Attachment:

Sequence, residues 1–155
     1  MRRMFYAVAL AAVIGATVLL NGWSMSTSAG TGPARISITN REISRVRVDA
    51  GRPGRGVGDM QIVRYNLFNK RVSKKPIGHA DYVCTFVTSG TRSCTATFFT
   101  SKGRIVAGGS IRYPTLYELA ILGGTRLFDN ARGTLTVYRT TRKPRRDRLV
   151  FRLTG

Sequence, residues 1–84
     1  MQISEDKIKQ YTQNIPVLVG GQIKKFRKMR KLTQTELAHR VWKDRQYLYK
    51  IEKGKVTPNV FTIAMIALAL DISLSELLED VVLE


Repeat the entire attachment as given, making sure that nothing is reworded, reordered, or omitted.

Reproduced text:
Sequence, residues 1–155
     1  MRRMFYAVAL AAVIGATVLL NGWSMSTSAG TGPARISITN REISRVRVDA
    51  GRPGRGVGDM QIVRYNLFNK RVSKKPIGHA DYVCTFVTSG TRSCTATFFT
   101  SKGRIVAGGS IRYPTLYELA ILGGTRLFDN ARGTLTVYRT TRKPRRDRLV
   151  FRLTG

Sequence, residues 1–84
     1  MQISEDKIKQ YTQNIPVLVG GQIKKFRKMR KLTQTELAHR VWKDRQYLYK
    51  IEKGKVTPNV FTIAMIALAL DISLSELLED VVLE